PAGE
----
In the context of the Title VII discrimination claims at issue in Dukes, the Court held that the commonality prong of Rule 23(a) required the plaintiffs to demonstrate that Wal-Mart “operated under a general policy of discrimination.” The Court rejected the plaintiffs’ expert, statistical, and anecdotal evidence as inadequate to meet their burden of establishing commonality. The Court found that the plaintiffs’ purported expert’s generalized conclusions regarding Wal-Mart’s “corporate culture” and its “vulnerability” to gender discrimination had no bearing on the certification analysis because the expert was unable to testify as to whether gender stereotypes actually played a role in employment decisions at Wal-Mart. The Court similarly rejected the plaintiffs’ reliance on statistical evidence, and anecdotes proffered by individual class members, as “insufficient to establish that [the plaintiffs’] theory can be proved on a classwide basis.” According to the Court, none of the evidence proffered by the plaintiffs identified, never mind proved the existence of, a “specific employment practice” that tied all of the 1.5 million putative class members’ claims together such that the determination of the lawfulness of that practice would necessarily resolve each and every class member’s claim.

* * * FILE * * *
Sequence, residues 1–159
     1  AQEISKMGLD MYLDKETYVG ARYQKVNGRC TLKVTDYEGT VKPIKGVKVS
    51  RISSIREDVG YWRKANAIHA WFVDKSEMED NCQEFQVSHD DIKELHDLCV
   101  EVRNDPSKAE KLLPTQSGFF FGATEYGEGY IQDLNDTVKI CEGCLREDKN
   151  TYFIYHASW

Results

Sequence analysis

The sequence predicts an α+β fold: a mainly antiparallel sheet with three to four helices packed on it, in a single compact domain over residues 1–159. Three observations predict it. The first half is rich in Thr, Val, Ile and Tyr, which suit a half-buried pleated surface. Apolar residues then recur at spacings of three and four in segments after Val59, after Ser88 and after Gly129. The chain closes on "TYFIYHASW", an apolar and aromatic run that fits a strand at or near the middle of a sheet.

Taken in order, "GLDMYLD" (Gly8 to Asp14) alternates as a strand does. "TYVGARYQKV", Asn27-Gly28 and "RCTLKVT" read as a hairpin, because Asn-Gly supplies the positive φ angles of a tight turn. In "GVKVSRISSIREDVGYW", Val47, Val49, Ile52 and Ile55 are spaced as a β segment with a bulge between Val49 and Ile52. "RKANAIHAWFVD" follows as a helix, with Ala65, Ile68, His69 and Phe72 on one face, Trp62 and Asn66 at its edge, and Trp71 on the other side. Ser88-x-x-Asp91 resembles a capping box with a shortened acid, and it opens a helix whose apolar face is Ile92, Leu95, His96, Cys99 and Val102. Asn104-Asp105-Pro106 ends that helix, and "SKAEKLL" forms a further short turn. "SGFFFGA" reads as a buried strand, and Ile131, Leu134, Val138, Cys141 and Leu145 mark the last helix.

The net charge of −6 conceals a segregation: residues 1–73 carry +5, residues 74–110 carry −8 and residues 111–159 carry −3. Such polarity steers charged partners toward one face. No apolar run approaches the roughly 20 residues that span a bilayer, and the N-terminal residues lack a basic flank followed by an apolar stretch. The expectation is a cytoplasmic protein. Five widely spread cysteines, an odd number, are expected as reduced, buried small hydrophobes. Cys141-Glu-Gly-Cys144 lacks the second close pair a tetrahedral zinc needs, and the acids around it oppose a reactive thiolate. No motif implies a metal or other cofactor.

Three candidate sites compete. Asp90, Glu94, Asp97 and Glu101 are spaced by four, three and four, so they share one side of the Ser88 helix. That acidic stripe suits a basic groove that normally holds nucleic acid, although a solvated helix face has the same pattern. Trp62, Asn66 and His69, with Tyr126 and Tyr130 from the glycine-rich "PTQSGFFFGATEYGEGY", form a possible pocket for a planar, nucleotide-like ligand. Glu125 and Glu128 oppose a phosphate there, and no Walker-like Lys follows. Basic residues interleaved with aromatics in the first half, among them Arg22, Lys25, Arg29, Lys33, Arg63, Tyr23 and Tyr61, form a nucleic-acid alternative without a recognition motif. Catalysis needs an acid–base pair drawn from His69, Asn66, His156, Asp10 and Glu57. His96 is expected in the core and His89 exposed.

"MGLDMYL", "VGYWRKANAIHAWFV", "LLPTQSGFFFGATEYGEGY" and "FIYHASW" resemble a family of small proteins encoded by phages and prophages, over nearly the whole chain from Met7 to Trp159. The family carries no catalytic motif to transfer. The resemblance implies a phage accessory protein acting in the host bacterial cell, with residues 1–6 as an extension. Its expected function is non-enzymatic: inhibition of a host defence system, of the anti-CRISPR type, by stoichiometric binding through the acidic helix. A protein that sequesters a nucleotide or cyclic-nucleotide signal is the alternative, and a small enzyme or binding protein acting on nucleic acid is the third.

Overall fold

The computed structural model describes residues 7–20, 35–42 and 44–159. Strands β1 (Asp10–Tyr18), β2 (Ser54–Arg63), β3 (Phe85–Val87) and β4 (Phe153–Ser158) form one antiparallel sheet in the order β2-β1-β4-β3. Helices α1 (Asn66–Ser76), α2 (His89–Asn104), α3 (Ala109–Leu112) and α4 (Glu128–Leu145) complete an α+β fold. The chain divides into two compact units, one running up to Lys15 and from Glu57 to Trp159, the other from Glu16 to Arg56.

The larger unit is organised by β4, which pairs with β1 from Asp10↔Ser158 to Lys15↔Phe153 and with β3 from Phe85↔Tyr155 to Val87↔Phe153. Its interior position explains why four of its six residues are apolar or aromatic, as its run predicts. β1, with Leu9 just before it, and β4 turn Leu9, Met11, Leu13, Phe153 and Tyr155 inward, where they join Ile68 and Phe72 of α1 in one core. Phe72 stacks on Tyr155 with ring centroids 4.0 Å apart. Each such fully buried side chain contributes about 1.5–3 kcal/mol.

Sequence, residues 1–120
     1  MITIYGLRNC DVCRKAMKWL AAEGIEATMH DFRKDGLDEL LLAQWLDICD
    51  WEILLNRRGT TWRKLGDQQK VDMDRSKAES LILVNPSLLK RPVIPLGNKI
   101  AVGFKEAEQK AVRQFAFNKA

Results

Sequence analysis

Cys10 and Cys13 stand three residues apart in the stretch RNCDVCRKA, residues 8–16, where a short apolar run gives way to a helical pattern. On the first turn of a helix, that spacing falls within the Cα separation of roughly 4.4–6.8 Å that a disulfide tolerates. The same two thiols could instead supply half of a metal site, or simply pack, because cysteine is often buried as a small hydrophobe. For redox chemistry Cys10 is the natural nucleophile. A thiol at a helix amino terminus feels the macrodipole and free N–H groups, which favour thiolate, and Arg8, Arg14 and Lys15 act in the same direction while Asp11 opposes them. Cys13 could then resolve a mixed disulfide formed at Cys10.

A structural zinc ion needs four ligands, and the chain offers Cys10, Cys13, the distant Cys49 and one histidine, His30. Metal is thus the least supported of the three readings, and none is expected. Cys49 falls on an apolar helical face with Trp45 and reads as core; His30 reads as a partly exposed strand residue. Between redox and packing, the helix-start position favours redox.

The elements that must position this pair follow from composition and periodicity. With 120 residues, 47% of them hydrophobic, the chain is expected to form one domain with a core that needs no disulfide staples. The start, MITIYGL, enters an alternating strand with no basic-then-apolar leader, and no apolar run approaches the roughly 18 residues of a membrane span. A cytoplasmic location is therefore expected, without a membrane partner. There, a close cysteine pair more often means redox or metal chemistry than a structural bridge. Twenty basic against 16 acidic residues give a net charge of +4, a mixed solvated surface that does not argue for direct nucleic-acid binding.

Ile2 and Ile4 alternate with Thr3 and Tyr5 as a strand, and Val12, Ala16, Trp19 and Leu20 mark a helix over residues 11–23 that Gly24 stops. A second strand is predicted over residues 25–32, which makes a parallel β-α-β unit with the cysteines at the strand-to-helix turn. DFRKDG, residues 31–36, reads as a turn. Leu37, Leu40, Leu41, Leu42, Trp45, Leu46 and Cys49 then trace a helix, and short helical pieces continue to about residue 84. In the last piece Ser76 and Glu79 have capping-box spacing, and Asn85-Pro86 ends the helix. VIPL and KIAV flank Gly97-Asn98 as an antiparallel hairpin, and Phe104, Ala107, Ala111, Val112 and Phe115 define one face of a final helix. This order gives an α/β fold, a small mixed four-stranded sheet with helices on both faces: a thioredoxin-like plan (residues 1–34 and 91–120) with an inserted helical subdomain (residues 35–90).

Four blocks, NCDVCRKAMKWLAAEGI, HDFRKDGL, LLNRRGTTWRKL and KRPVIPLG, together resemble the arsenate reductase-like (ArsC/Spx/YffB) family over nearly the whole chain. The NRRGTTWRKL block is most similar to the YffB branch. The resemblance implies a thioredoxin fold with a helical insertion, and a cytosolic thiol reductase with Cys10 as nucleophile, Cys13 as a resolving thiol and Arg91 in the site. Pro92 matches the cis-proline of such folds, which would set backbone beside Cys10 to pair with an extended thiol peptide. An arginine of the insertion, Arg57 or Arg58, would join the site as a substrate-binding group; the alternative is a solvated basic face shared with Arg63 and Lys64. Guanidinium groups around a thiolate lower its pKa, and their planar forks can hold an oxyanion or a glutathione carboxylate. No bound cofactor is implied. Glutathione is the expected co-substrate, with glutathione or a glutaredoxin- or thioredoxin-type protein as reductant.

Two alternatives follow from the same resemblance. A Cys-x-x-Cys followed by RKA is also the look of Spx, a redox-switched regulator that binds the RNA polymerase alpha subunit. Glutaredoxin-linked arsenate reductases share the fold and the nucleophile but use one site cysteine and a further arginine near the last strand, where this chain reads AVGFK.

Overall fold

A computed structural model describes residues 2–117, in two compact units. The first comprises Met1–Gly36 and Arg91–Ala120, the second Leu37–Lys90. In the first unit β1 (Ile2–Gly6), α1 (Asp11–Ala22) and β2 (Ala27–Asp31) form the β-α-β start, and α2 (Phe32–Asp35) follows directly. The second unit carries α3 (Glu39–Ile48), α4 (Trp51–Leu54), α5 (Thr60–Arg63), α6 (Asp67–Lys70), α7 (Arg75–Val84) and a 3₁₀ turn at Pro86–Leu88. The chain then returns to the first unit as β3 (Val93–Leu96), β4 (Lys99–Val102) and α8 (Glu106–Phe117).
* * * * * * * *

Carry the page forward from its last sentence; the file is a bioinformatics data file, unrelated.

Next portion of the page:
2. Certification Under Rule 23(b)(2): Monetary Claims Are Rarely, If Ever, WelcomeRule 23(b)(2) permits certification of a class where “the party opposing the class has acted or refused to act on grounds that apply generally to the class, so that final injunctive relief or corresponding declaratory relief is appropriate respecting the class as a whole.” In Dukes, the plaintiffs sought certification of a Rule 23(b)(2) class, but made claims for backpay for each putative class member as well as for injunctive and declaratory relief. While the Court noted that the language of Rule 23(b)(2) could be read to prohibit class certification of any claims seeking monetary relief of whatever nature, the Court did not reach that question, and recognized that lower courts have allowed claims seeking monetary relief to be certified under Rule 23(b)(2) where the monetary relief is “‘incidental to [the] requested injunctive or declaratory relief.’” The Court, nevertheless, did construe Rule 23(b)(2), ruling that even under the more forgiving “incidental to” analysis, the plaintiffs’ backpay claims were not incidental to the injunctive relief sought by plaintiffs and were thus inappropriate for class treatment under Rule 23(b)(2).